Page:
I Wonder if the SS problem is caused by a combination of camera holding techniques and defective image stabilisation systems in some but not all Pen cameras ?
Overall I am perfectly happy with the RPM-2, a great travel camera.
I can have the EPM-2, the tiny flash and the 45 mm F.1.8 and pan 14 mm F.2.5 in a small camera bag attched to my belt.
Great value for money

July 27, 2014 at 12:57 AM  
Blogger siledevil said...


ok i emailed olympus to request the ''0sec antishock'' for e-pm2 and e-pl5 and this was their response, what a joke:

Thank you for your e-mail enquiry regarding your E-pm2 and E-pl5.

We have no reported issues with shutter shock on these models so they would not require the 0 second antishock fix.

Should you require any further assistance, please do not hesitate to
contact me.

Kind regards

Chris Dale

European Customer
Support Centre

October 17, 2014 at 2:00 PM  
Anonymous Mike said...

I own two E-PM2 cameras and can say that this is the best review of the camera I have seen on the internet.

I myself have a love/hate relationship with these cameras. The small size and limited number of physical controls are great, the general image quality potential is quite good, and as a frequent low light JPEG shooter, the excellent auto white balance is a revelation compared to earlier m4/3 and DSLR cameras.

As the review points out, the overstated ISO is a small-minded deception, and the banding in shadows a sometime annoyance. But my three biggest beefs with the camera are, in reverse priority order:

3. that the camera produces very obvious banding when used with the Panasonic 20mm lens which would otherwise be its natural partner in my hands; some claim never to have seen it, but it was visible in most night time shots with a camera ISO setting of about 1000 or higher (ie a real ISO of only between 500 and 640 or so). The effect varied from shot to shot but was almost always there; increasing the ISO increased the incidence and severity of the effect.

2. The poor physical quality of the main control interface, the four way button thing with the ring around it and button marked "OK" in the middle. This part is not just fiddly to use...its responsiveness varies so hugely that it almost always overshoots in use. One of my cameras was very poor in this regard from new; the other is deteriorating. The other buttons are not always reliable, either.

1. The worst thing about this camera is that it delivers inconsistent levels of critical sharpness due to shutter shock. One of mine (the one with the more reliable control interface) is worse than the other in this respect, but with both cameras I find that even activating 1/8 sec antishock is insufficient. The problem occours with speeds as high as 1/500 when shooting with longish telephoto lenses, so eventually I sold my Olympus telephoto and bought another DSLR with 100-300 lens (a secondhand Sony A37...no shutter shock, ever). With the 45mm, the shock seems worst at what would normally be the lowest safe handholding speeds of 1/60, 1/100 etc. And it occours with every single lens I've used with these cameras. My old E-PL2 and E-P2 both did it sometimes, but my E-PM2s do it more often. This is a problem that simply doesn't exist with other camera systems I've used, and I've used many. I haven't shot extensively with Panasonic m4/3 cameras (because the JPEG processing pleased me so much less than that of Olympus), but in my experience they don't seem to do it. My el cheapo Sony A37 definitely doesn't do it. None of my many Canon or Nikon DSLRs did it, ever. My Olympus XZ-1 and XZ-2 cameras didn't do it. Nor did a whole string of others back to my original Nikon Coolpix 990 or film cameras. How Olympus could have made it possible totally escapes me. And I know how to hold a camera!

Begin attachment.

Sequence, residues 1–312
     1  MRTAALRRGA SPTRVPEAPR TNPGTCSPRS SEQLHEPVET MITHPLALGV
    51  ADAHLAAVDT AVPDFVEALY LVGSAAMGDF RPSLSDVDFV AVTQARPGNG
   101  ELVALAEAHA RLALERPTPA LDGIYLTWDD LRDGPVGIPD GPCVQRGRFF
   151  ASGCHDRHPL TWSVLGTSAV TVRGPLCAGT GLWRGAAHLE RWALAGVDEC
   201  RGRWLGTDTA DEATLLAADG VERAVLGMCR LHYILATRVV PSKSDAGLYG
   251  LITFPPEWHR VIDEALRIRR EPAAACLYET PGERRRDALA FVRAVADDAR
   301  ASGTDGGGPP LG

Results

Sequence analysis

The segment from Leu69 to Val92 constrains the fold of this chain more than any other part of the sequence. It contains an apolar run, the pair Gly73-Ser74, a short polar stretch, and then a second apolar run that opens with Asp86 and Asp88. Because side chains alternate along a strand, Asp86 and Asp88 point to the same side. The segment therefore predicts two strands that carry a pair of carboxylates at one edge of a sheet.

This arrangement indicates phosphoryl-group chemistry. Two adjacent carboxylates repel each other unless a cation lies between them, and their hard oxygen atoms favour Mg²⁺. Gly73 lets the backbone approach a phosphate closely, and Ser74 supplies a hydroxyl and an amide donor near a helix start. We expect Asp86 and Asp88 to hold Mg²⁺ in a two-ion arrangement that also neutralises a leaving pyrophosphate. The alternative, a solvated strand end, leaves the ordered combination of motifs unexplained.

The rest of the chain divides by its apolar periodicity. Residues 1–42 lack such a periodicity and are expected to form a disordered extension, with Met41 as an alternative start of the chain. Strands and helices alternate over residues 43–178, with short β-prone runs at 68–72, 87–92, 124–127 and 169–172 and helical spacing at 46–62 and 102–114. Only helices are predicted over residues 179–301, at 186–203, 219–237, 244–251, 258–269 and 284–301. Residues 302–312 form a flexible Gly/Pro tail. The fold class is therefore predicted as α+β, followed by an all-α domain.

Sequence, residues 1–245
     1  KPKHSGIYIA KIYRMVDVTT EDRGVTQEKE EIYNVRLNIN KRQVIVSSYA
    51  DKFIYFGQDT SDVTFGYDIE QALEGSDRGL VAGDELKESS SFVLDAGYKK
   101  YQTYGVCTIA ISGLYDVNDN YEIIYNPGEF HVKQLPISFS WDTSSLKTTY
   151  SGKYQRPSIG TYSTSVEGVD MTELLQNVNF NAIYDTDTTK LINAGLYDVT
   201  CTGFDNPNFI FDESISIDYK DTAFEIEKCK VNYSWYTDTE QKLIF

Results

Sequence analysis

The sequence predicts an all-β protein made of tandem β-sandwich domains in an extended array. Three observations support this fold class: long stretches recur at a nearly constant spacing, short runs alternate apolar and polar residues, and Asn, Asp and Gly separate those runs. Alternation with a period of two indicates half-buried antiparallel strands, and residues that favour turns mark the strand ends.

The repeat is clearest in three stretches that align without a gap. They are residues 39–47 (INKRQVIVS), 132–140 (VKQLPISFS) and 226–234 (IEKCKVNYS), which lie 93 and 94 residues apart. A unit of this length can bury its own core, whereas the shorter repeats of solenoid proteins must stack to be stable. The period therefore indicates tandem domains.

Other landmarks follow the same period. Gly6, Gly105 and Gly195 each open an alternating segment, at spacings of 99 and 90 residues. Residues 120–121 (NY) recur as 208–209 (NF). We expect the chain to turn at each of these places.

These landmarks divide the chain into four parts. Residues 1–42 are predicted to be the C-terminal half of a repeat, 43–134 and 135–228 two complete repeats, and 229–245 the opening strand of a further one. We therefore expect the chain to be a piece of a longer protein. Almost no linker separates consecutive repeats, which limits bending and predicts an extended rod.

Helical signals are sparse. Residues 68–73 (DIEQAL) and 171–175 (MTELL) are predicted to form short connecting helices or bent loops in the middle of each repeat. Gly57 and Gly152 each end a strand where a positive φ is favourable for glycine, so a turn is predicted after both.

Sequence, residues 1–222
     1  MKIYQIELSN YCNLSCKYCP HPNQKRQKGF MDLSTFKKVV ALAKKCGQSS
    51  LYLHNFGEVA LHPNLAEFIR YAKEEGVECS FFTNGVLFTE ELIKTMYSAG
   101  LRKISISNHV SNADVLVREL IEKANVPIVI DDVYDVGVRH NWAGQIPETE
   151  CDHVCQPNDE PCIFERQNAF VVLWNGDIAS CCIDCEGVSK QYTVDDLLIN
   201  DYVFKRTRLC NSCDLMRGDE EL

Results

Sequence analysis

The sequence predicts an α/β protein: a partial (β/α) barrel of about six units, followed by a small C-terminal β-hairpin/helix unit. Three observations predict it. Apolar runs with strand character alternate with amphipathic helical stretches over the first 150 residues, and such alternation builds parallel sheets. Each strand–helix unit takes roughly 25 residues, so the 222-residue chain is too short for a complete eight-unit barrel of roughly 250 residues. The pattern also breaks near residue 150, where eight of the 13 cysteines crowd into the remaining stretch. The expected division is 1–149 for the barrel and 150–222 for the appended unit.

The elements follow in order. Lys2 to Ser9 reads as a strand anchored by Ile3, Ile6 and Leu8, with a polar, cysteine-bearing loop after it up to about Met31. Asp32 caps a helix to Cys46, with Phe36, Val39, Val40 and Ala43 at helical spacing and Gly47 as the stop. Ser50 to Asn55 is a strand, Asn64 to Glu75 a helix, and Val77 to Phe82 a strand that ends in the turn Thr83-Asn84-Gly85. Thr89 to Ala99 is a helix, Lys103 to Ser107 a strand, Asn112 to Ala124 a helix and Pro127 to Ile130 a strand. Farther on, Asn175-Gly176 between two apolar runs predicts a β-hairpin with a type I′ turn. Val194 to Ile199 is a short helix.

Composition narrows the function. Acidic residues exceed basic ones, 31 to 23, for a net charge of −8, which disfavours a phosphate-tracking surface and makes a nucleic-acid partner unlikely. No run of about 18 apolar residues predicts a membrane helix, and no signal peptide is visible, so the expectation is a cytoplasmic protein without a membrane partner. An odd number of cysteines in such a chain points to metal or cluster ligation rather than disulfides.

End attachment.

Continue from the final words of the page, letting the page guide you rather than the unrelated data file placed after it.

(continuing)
September 8, 2015 at 6:45 AM  
Blogger mike969696 said...

And my fourth-biggest beef with these has to be the stabilisation system which, at most shutter speeds, dramatically INCREASES unsharpness. It can improve sharpness when shooting at a shutter speed of between about a third and half the reciprocal of focal length (eg I use it when shooting at 1/5 with a 14mm lens, or 1/15 with the 45mm). At normal daylight shooting speeds, it is necessary to remember to keep it turned off. Why on earth Olympus couldn't have been honest about this in the manual, I don't know...it caused me a lot of irritation and head-scratching until I worked both it and the shutter shock out.

September 13, 2015 at 1:59 PM  
Blogger Jack Mark said...

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December 20, 2015 at 10:58 PM  
Blogger granitix said...

I've been using one of these recently (a red one!) and it has impressed me also. Not exceptional perhaps but Plenty Good Enough for nearly all shooting I do. The few features that I miss are available on the em5, and a used one just hit my price point & will arrive next week. I'll enjoy the tip screen, VF and weather seals, and it should be a fairly simple step from the ePM2.. we'll see about that.

May 14, 2016 at 9:00 PM